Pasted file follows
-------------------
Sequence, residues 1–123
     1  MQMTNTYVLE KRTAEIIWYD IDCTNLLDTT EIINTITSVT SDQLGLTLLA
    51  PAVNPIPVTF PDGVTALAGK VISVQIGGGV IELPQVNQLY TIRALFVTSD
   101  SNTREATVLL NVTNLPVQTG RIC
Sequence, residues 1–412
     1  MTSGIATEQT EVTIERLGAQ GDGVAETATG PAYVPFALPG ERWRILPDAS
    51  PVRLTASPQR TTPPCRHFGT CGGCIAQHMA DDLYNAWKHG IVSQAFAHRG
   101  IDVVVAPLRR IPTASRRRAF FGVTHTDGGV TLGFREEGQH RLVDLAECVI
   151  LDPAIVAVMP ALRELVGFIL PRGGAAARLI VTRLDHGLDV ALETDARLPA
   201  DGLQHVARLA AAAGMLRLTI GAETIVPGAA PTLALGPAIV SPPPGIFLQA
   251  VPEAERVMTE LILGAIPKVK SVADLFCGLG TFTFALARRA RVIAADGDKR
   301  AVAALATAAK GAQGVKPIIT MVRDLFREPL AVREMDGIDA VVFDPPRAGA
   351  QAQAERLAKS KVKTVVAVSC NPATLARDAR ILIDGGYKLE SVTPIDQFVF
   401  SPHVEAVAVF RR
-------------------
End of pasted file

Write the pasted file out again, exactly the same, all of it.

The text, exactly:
Sequence, residues 1–123
     1  MQMTNTYVLE KRTAEIIWYD IDCTNLLDTT EIINTITSVT SDQLGLTLLA
    51  PAVNPIPVTF PDGVTALAGK VISVQIGGGV IELPQVNQLY TIRALFVTSD
   101  SNTREATVLL NVTNLPVQTG RIC
Sequence, residues 1–412
     1  MTSGIATEQT EVTIERLGAQ GDGVAETATG PAYVPFALPG ERWRILPDAS
    51  PVRLTASPQR TTPPCRHFGT CGGCIAQHMA DDLYNAWKHG IVSQAFAHRG
   101  IDVVVAPLRR IPTASRRRAF FGVTHTDGGV TLGFREEGQH RLVDLAECVI
   151  LDPAIVAVMP ALRELVGFIL PRGGAAARLI VTRLDHGLDV ALETDARLPA
   201  DGLQHVARLA AAAGMLRLTI GAETIVPGAA PTLALGPAIV SPPPGIFLQA
   251  VPEAERVMTE LILGAIPKVK SVADLFCGLG TFTFALARRA RVIAADGDKR
   301  AVAALATAAK GAQGVKPIIT MVRDLFREPL AVREMDGIDA VVFDPPRAGA
   351  QAQAERLAKS KVKTVVAVSC NPATLARDAR ILIDGGYKLE SVTPIDQFVF
   401  SPHVEAVAVF RR